Podcaster: Richard Drumm
Title: Space Scoop: Could Life Exist on One of Saturn’s Moons?
Organization: 365 Days Of Astronomy
Description: Space scoop, news for children.
Our Universe is going to continue expanding faster and faster, possibly heading towards a “Big Rip”.
In 22 billion years, the same energy source that is pushing space to accelerate its expansion could literally tear apart all the galaxies, stars and even the atoms in our Universe!
Bio: Richard Drumm is President of the Charlottesville Astronomical Society and President of 3D – Drumm Digital Design, a video production company with clients such as Kodak, Xerox and GlaxoSmithKline Pharmaceuticals. He was an observer with the UVa Parallax Program at McCormick Observatory in 1981 & 1982. He has found that his greatest passion in life is public outreach astronomy and he pursues it at every opportunity.
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This is the 365 Days of Astronomy Podcast. Today we bring you a new episode in our Space Scoop series. This show is produced in collaboration with Universe Awareness, a program that strives to inspire every child with our wonderful cosmos.
Could Life Exist on One of Saturn’s Moons?
After many years of searching, there’s still only one place in the Universe we’ve managed to find life.
Heh. Yeah, Earth.
But if you’re an alien life enthusiast, don’t despair. There are other places in the Solar System that are looking more and more suitable for life.
One of these places is a tiny, icy moon at Saturn called Enceladus.
Since 2005, it’s been suspected that Enceladus has an ocean of liquid water beneath its icy surface.
Water is essential for life, second only to the numerous carbon compounds that make up living creatures. We call these ‘complex organic molecules’.
Now, by studying data from the Cassini probe, scientists have found that Enceladus is not only home to water, but it also has some of these complex organic molecules.
While a handful of worlds are thought to have liquid water oceans, Enceladus actually sprays its ocean out into space where the Cassini spacecraft was able to sample it.
The water that’s sprayed out quickly freezes. Ice particles from these jets actually feed and replenish Saturn’s E ring!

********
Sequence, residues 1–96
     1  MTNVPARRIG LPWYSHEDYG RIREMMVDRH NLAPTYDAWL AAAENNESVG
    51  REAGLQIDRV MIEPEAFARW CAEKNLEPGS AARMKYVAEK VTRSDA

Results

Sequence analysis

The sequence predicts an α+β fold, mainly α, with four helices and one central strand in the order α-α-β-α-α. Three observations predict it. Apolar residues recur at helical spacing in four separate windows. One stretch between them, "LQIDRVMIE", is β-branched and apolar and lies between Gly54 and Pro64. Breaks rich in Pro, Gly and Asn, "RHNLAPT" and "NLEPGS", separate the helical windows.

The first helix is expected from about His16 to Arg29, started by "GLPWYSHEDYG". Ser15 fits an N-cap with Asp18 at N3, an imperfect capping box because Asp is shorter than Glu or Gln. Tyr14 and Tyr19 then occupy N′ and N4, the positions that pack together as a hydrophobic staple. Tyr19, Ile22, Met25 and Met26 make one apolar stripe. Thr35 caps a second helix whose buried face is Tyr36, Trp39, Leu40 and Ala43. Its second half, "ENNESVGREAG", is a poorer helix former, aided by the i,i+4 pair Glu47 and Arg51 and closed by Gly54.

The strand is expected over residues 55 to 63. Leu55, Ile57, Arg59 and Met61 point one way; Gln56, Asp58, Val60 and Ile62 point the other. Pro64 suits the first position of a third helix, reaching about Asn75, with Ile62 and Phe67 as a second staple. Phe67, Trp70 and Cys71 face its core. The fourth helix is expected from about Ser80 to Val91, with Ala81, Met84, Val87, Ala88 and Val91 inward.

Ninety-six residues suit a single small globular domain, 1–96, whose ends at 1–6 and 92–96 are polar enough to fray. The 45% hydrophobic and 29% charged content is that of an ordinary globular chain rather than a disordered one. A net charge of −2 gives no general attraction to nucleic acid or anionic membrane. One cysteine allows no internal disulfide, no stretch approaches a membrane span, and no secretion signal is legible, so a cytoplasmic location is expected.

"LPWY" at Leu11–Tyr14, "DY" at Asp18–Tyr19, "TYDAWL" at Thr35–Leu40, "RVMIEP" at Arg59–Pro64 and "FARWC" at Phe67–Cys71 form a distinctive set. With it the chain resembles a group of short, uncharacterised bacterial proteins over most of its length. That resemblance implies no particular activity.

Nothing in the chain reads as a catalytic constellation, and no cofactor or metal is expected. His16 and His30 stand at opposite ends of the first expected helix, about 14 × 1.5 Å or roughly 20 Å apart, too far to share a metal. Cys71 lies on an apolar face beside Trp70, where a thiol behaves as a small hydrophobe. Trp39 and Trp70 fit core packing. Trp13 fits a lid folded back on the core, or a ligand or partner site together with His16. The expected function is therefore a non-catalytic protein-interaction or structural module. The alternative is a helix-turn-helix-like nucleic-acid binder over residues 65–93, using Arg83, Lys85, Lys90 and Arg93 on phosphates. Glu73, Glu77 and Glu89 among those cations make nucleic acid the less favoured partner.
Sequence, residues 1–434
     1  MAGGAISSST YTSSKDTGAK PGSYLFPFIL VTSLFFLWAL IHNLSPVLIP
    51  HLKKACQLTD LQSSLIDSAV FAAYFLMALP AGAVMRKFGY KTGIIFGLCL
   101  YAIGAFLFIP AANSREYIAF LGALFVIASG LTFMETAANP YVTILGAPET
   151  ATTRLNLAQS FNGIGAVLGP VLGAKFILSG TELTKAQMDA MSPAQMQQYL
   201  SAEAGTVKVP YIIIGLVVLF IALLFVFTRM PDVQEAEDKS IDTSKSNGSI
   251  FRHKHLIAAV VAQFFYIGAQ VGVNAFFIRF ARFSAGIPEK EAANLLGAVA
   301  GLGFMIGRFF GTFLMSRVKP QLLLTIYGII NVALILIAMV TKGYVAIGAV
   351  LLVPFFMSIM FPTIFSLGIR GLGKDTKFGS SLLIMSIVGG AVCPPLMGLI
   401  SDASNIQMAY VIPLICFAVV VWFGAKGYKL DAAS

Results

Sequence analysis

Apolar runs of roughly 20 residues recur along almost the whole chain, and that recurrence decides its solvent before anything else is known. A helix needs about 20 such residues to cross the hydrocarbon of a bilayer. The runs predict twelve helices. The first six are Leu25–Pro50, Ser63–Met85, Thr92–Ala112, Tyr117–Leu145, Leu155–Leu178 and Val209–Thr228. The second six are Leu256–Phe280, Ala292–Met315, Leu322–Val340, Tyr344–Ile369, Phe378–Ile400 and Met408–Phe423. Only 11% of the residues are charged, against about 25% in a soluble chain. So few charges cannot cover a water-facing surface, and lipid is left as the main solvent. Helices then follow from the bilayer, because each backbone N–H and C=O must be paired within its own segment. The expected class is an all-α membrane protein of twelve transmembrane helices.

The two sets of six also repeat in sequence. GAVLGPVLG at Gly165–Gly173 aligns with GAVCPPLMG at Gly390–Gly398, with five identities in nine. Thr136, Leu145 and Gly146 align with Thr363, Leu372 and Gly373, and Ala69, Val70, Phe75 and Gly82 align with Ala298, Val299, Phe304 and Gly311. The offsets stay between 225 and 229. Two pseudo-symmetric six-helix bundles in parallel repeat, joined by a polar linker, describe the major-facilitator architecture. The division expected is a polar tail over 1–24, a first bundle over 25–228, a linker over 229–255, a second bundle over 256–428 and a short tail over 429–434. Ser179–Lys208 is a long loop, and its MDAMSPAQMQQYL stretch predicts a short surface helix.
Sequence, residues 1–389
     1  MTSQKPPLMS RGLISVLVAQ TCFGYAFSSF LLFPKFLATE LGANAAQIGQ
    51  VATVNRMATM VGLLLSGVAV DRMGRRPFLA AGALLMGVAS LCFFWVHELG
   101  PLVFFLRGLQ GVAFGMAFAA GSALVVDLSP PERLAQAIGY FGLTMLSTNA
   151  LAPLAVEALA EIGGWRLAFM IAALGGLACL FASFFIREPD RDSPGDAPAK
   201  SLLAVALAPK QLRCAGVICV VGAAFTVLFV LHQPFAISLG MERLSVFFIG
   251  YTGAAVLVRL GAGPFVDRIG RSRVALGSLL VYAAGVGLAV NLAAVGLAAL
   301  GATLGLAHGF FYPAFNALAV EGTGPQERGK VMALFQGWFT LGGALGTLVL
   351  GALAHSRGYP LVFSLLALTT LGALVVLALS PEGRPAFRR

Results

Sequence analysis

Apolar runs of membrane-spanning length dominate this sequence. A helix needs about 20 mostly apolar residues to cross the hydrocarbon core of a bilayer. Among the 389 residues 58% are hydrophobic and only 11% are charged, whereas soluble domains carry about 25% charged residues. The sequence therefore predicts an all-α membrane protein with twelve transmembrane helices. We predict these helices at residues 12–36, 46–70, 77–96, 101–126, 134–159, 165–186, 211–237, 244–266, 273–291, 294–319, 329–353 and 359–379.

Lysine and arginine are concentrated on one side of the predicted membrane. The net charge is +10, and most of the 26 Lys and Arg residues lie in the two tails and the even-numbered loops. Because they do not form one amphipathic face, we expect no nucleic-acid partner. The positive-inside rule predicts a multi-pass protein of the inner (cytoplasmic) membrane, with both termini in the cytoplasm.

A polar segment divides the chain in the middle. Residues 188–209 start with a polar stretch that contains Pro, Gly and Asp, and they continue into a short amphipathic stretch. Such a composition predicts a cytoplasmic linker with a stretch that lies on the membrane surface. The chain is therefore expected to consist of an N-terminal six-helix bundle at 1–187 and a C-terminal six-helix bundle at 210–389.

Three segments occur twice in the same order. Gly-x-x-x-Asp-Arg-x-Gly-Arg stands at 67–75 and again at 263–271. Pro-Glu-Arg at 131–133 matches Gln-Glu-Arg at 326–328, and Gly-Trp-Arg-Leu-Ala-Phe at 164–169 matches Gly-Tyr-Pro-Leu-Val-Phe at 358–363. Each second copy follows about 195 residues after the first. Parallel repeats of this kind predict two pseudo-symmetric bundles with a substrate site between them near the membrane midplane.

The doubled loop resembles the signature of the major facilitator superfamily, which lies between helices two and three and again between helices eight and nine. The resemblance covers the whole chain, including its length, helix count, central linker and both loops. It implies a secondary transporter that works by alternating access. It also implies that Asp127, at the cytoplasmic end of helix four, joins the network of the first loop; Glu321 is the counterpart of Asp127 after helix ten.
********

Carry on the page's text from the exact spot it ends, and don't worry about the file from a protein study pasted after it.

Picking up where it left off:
Although the Cassini mission ended in September, 2017, it left behind a lot of data about the icy plumes. While poring through this information scientists found signs of organic molecules.
What’s really exciting is that these chemicals could be produced by living creatures under the icy surface of Enceladus!
But, it’s important to note that it’s more likely that they’re produced by other processes, particularly hydrothermal vents, so it’s not even close to being a slam dunk sign of alien life.
Enceladus’s ocean floor appears to be covered in hot springs. The high pressure and warm temperatures around these hot springs makes it a breeding ground for complex organic molecules.
These are then carried to the surface by bubbles of gas. Just like here on Earth.
So, while we haven’t found extraterrestrial life yet, Enceladus is looking pretty promising – watch this, uh, space!
Hey Here’s A Cool Fact:The hydrothermal vents here on Earth support complex communities that are fueled by the dissolved minerals in the superheated seawater that flows out of the vents.
Other life on Earth gets its energy for its metabolism from sunlight. Plants use chlorophyll to assemble larger organic molecules from carbon dioxide and minerals from the soil. Animals of all types ultimately use plants for their energy.
But sunlight doesn’t penetrate down here at the hydrothermal vents. The energy comes from inside the planet, from residual heat from the Earth’s formation and nuclear decay.
There is 10,000 to 100,000 times more biomass at the vents than there is elsewhere on the sea floor. The life at the vents depends on chemosynthetic bacteria for their food.
These bacteria use hydrogen sulfide and other sulfur molecules in their chemosynthetic metabolism.
The life forms that thrive here in this hellish place are crabs, snails, shrimp, annelid worms, some eels, various crustaceans and tube worms.
Siboglinid tube worms, you see, don’t have a mouth or even any digestive tract. They absorb nutrients produced by bacteria located in an organ in the worm called the trophosome.
Approximately 285 billion of these bacteria are found in a single ounce of trophosome tissue.
Tubeworms have frilly red bits on their top which contain hemoglobin which combines with hydrogen sulfide, transferring it to the bacteria in the worm. The bacteria also oxidize methane and from that feed the worm various carbon compounds.
Clearly this is a symbiotic relationship, but we don’t yet know the full extent of the arrangement between the worms and the bacteria.
Life finds a way, huh?
Thank you for listening to the 365 Days of Astronomy Podcast!
End of podcast:
365 Days of Astronomy
The 365 Days of Astronomy Podcast is produced by Planetary Science Institute. Audio post-production by Richard Drumm. Bandwidth donated by libsyn.com and wizzard media. You may reproduce and distribute this audio for non-commercial purposes. Please consider supporting the podcast with a few dollars (or Euros!). Visit us on the web at 365DaysOfAstronomy.org or email us at info@365DaysOfAstronomy.org. This year we will celebrates the Year of Everyday Astronomers as we embrace Amateur Astronomer contributions and the importance of citizen science. Join us and share your story. Until tomorrow! Goodbye!